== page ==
It’s no secret that the Democratic Party in Florida has been struggling to rebuild and regain voters’ trust following a disastrous 2016 election. The fallout from Senator Bernie Sanders not endorsing Secretary Clinton and several other factors resulted in her defeat to President Trump by about 112,000 votes (and only after counting suspiciously high numbers of overseas military ballots). This year there is a contest for Florida State Committeemen positions.
If you are reading this article, that means you can vote! These volunteer positions are the party’s backbone — they’re our elected representatives who help shape and steer strategies at the local level. Last year alone, we witnessed Democrats across the nation stepping down from their leadership roles amid allegations of personal misconduct and sexual harassment (see here for details). In light of these events, we must elect those who align with our principles and support rebuilding our party with new blood and fresh ideas.
Stephen Bittel Has Been a Proven Ally of the Democratic Party
There’s no denying the DNC has a lot of work to rebuild the trust of voters and party members. But Stephen Bittel has been a stalwart ally of the Democratic Party for decades. Stephen Bittel served as a party vice chair under Debbie Wasserman Schultz and played an instrumental role in helping President Obama win Florida in both 2008 and 2012. He’s also worked closely with Florida’s local Democratic parties and candidates at all levels, including helping to raise funds for senators like Bill Nelson and Patrick Murphy.
Bittel has been a consistent and vocal critic of the GOP’s regressive and destructive policies on health care, voting rights, women’s rights, and the environment. He campaigned alongside Senator Nelson and others in Florida to oppose the incumbent governor Rick Scott’s voter suppression tactics and is a strong advocate for campaign finance reform.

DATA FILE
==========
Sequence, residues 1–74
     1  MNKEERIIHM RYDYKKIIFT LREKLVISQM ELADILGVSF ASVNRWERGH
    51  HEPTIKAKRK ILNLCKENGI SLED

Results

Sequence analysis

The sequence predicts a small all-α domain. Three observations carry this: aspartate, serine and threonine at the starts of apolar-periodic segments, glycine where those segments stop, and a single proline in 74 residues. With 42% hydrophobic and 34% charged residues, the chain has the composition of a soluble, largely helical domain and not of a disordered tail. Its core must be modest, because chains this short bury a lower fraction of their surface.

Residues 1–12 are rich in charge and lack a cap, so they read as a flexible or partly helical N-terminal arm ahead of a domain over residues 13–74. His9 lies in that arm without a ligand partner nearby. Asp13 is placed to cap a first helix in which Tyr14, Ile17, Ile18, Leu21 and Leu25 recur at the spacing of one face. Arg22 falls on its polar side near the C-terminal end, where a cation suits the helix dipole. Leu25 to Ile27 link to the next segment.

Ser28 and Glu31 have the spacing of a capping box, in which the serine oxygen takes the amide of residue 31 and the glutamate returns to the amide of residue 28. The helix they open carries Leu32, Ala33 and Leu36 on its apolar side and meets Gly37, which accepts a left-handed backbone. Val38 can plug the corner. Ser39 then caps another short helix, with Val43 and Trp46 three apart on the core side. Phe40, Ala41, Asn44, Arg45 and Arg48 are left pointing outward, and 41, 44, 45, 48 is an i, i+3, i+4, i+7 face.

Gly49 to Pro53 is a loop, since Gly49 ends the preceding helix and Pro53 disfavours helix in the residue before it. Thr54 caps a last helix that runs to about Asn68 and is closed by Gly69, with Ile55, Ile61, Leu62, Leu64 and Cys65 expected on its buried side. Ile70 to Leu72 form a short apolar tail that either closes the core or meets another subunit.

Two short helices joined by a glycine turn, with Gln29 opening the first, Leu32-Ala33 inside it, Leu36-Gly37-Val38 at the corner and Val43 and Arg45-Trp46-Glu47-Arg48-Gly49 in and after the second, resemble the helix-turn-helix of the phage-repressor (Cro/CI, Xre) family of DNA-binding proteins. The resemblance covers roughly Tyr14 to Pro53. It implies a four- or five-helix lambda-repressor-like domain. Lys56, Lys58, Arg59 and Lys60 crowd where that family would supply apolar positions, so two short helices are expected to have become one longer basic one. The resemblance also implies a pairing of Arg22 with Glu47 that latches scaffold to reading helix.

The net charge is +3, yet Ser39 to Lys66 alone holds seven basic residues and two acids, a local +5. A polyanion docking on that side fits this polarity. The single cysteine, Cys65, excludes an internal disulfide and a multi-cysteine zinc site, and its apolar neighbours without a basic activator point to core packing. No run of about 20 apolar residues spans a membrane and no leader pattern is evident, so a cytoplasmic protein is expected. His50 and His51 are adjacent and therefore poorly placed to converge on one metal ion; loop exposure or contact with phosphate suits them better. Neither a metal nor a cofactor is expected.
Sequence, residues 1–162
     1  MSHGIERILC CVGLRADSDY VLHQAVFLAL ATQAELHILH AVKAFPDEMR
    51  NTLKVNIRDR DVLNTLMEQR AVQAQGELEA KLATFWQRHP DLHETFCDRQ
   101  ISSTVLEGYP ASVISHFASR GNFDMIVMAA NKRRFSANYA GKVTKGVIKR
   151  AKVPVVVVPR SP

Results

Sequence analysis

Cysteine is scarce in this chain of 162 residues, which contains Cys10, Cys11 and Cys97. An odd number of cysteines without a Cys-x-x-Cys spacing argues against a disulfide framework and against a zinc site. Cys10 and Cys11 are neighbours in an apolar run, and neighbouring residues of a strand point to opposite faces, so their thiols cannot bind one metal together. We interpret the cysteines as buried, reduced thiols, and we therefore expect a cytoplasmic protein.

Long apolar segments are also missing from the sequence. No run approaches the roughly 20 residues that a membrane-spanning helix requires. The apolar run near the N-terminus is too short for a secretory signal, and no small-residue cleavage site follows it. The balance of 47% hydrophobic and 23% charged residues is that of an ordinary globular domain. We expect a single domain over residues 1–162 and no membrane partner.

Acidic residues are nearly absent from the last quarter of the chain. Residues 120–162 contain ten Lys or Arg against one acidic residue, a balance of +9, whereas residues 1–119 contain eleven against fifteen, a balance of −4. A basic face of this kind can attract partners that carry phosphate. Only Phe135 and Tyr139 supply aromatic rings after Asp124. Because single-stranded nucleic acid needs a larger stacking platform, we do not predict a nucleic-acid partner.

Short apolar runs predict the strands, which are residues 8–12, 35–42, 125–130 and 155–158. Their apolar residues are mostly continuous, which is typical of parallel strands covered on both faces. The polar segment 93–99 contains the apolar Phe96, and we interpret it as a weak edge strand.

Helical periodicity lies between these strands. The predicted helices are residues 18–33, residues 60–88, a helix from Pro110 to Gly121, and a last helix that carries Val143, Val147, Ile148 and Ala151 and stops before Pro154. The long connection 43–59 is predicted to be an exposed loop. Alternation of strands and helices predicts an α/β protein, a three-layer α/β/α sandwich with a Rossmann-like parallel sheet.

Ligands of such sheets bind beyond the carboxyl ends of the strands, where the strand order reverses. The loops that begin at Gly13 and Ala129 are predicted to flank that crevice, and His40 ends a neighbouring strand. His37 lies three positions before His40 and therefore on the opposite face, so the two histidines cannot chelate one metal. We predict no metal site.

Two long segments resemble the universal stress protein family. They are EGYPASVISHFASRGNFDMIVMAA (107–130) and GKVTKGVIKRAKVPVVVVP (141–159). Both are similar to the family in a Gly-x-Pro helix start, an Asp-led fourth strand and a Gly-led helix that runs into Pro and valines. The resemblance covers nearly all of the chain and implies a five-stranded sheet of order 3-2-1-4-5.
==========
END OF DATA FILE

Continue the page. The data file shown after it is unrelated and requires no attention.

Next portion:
Bittel Is Committed to Recruiting & Retaining More Women, People of Color, and LGBTQ Candidates
One of the biggest challenges facing the Democratic Party is the underrepresentation of women, people of color, and LGBTQ candidates. Over the past decade, the percentage of women serving in Congress has remained at about 19 percent — an abysmal number given that women comprise about half of the country’s voting population. Bittel has prioritized increasing the number of women and people of color who run for office, particularly on the state and local levels.
He currently serves as co-chair of the state party’s diversity, equity, and outreach committee. Bittel has been adamant about hiring and fostering a diverse team at the Florida Democratic Party. He has been vocal about the need for the party to do more to support and elevate the voices of people of color, women, and the LGBTQ community. He’s also dedicated time and resources toward increasing voter engagement in Florida’s African American communities.
Read More: www.stephenbittel.co/